It can be frustrating talking about issues of apologetics with someone who does not believe. If not careful, the apologist can feel as if the source of his or her frustration is the person. This can lead to guilt rooted in the sense that the apologist cares more about arguments of apologetics than loving the person. Have you ever felt that way? I know I have. However, I don’t think that is often the source of our frustrations.
We, as apologists, are deeply rational people. And, we obviously care about the people we are discussing these important issues with otherwise we wouldn’t exert the energy to do so. I am convinced that the source of our frustration is often less about the person and more about the order of argumentation in the discussion. Take an example: An atheist begins questioning how it is that Jonah could be swallowed by a large fish when that so obviously defies everything we know about the natural world. My gut response is to not waste my time on that question. Why? Because it doesn’t matter? No, it is an important question and does matter. Is it because I don’t care about the person? No, I do care about them and their questions. The reason why is because the order of argumentation is out of whack.
Order of Argumentation
When discussing apologetics, certain concepts or evidences need to be established before we can move forward to questions that would require those more basic questions. In a discussion with a person, my goal is to make a rational case for a relationship with Jesus. What would I need to establish in order to do that? Here is the order I would suggest:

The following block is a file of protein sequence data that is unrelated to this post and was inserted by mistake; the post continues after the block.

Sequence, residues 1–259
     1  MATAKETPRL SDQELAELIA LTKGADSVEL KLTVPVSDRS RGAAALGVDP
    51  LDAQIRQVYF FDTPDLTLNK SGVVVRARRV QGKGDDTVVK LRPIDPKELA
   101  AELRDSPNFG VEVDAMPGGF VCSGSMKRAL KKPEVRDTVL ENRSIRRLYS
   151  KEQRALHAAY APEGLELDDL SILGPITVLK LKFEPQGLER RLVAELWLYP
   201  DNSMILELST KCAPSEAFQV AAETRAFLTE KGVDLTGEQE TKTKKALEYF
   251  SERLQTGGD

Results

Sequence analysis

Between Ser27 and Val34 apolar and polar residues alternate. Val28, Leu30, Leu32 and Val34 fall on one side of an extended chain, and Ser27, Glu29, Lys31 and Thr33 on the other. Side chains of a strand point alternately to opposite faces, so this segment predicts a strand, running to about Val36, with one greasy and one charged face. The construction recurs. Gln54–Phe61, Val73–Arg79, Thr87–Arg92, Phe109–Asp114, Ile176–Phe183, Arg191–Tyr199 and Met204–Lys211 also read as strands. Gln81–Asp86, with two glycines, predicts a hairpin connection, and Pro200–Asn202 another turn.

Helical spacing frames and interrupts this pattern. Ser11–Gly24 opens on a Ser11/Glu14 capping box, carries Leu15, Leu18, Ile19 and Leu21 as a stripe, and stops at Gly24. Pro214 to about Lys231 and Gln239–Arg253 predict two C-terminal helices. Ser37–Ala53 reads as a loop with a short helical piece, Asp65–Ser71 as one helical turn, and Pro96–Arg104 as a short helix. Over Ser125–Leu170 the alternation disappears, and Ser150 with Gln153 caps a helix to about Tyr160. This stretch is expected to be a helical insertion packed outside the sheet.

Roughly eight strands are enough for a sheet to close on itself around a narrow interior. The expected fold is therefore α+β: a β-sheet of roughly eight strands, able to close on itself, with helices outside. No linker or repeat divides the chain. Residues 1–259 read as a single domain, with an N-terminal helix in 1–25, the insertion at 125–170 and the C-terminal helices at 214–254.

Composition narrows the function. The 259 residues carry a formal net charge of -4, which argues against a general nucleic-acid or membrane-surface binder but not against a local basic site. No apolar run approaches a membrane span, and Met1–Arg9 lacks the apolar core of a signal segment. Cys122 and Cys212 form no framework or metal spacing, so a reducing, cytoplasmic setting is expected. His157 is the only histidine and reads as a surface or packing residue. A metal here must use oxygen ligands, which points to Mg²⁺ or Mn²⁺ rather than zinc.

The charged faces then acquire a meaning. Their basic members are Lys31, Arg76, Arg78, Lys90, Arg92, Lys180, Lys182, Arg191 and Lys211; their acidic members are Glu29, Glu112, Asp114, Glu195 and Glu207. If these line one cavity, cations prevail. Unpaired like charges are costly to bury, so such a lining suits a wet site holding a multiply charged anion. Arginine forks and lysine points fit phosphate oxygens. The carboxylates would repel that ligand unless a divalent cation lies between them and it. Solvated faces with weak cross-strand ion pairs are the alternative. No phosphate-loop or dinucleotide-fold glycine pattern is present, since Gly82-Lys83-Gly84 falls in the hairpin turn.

- Knowledge (epistemology) – Approach to how we come about discovering knowledge at all.
- God – Evidence or arguments to establish a rational case for believing in a god (not talking about the Trinitarian God just yet).
- Bible – Evidence for the Biblical manuscripts and thinking that they are actual accounts of God’s activity in the world.
- Jesus – Evidence for Jesus’ life, death and resurrection (and perhaps other miracles as well) to establish Him as a credible source of the knowledge of God.
- Religious Experience – Evidence for thinking that Christians have experiential knowledge of God.
This is not the totality of apologetics, of course. It may necessary to address objections to Christianity as well as address competing claims (Islam, Hinduism, Atheism). But, this short order of argumentation should help establish a framework for discussion. Why? If an atheist is asking about Jonah and a big fish, the apologist knows deep down that whatever evidence he/she provides will not be convincing to them. This isn’t because no rational evidence exists, but because it requires more foundational issues to be established: Knowledge/epistemology and the existence of God. If the atheist only accepts scientific evidence (scientism as an epistemology), our discussion will be fruitless. If the atheist rejects the possibility of a god (no sense of the rational arguments for God’s existence), then a miracle such as a large fish swallowing a man will never sound rational. The more foundational issues have to be addressed first. So, when the apologist is frustrated, it is because the arguments are out of order.
The next time you find yourself in a discussion, I would encourage you to consider at which “step” needs to be addressed first. This may save you a whole lot of frustration and help give some framework to love that person more strategically.